The Art of War

I've studied martial arts much of my life. More than just self-defense, martial arts is a way of life that is embodied by the philosophy of Sun Tzu, one of history's most famous generals. Since the business world is a lot like the battlefield, I've been able to apply the basic tenets of Master Tzu's "art of war" philosophy to managing large technology projects with great success.

As CTO at Web development company iXL Enterprises Inc., my biggest challenge was not that iXL was in the Internet space but that it grew so quickly. When I joined the company we had 100 people in two offices. In less than four years we grew to more than 3,000 employees after having acquired 30 different companies. I was in charge of bringing everyone together under one intranet-making one cohesive organization from 30 separate organizations while connecting everything to one platform.

Although I don't always like to use the battlefield analogy in business, it clearly applied to the intranet project, which was rife with internal politics. An intranet, after all, touches everybody. And people are extremely opinionated about a system that will change the way they work. So I decided to approach the project the way Sun Tzu would prepare for war.

According to Sun Tzu, you need to know three things before going into battle. The first is the terrain-the environment you're working with. Second, you need to know as much as you can about the person or people you're preparing to battle. You need to know the troop size as well as the skill sets of the leaders. The third key is knowing your own internal resources and what you can do with them.

With that knowledge in hand, you should follow a logical progression to move toward your desired outcome. First, move your resources to the place where they can best win the battle. Once you've established your position of power, use diplomacy to have very high-level discussions with other parties. Only when diplomacy fails do you go into battle.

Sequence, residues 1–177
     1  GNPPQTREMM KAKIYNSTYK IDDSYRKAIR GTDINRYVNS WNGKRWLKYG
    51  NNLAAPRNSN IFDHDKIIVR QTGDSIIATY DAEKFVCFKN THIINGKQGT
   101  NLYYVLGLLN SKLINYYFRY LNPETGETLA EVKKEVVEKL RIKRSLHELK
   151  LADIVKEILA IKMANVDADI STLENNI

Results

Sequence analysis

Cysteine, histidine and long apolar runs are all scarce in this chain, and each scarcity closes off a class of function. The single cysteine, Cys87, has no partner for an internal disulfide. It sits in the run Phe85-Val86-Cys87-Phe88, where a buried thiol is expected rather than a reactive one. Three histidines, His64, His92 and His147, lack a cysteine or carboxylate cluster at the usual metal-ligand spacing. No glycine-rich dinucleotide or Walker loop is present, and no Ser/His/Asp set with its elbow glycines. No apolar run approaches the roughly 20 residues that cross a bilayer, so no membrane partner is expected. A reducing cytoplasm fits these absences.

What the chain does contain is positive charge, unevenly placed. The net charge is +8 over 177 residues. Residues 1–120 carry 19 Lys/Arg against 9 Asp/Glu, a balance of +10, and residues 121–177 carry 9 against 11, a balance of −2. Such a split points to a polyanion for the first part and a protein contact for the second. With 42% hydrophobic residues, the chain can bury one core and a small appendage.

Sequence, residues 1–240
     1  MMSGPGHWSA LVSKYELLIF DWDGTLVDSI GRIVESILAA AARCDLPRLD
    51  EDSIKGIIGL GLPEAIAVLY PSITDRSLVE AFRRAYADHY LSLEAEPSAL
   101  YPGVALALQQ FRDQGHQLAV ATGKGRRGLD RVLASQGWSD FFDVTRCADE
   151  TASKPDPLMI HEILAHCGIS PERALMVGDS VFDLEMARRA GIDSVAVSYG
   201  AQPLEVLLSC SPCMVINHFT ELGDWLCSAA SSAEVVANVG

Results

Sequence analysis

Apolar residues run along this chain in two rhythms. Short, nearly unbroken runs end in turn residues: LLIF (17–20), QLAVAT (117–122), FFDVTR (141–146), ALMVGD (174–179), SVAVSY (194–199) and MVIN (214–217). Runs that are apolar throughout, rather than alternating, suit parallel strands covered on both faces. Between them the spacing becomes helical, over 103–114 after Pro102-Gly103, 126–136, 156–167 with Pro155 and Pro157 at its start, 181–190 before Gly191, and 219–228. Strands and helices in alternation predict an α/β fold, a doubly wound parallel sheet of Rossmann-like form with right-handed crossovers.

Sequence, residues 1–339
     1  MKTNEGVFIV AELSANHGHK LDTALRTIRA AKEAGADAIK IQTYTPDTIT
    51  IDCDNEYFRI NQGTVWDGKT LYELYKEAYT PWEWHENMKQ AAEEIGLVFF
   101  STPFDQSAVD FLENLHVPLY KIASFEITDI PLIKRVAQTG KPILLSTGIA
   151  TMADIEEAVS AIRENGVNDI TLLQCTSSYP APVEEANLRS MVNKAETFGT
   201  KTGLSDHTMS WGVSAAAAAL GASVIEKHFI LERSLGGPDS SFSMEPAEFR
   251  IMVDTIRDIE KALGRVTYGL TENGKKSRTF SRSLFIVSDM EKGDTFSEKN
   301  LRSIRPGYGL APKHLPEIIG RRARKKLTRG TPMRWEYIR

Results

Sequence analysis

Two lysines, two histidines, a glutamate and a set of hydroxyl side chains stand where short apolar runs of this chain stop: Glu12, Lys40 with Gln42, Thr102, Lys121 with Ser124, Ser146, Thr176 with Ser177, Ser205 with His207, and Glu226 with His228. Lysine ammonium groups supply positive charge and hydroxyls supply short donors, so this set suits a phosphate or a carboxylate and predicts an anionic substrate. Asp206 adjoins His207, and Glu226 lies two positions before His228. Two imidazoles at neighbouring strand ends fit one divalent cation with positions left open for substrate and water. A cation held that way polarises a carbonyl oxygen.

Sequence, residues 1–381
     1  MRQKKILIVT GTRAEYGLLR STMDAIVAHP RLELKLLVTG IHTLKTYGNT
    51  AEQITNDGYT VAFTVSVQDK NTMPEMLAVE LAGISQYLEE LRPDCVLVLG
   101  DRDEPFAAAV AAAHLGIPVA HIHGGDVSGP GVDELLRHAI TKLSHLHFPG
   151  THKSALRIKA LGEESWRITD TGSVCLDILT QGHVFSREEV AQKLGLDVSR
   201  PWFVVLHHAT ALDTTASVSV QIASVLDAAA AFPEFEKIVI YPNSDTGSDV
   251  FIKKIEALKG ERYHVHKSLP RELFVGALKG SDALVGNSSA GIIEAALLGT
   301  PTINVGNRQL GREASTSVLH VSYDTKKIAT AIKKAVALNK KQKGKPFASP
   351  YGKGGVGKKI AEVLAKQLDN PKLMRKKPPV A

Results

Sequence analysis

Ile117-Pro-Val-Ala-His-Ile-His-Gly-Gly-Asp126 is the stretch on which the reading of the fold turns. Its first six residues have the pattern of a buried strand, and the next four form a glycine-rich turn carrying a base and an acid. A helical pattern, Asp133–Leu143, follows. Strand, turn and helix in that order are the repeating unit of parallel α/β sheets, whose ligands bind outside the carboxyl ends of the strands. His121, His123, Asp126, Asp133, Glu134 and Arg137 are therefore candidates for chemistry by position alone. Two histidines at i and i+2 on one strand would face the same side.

The greatest thing is to achieve your goal without firing a single shot. You do this by making sure that your positioning is maximized early on. And that requires getting feedback and doing your homework. Rather than initiating a battle at the outset of the intranet project, I began by hopping on airplanes to meet with general managers, HR people and end users of the system to see what they wanted to get out of it. I started becoming a good listener. And people were extremely responsive.

For me, these principles are more ingrained than conscious. But as a rule of thumb, I try to plan major projects in terms of the general tenets of Sun Tzu. I focus on positioning first. Then I focus on what kind of concessions I can bring to the discussion early on before taking the command-and-control approach.

This approach is valuable whether you're on the business side or the technology side of a project. I believe that you're a lot more likely to succeed if you first invest in knowledge gathering and diplomacy rather than issuing blanket orders. People are shortsighted when they think that if they make a blind decision it won't come back to get them in the end. It always will.

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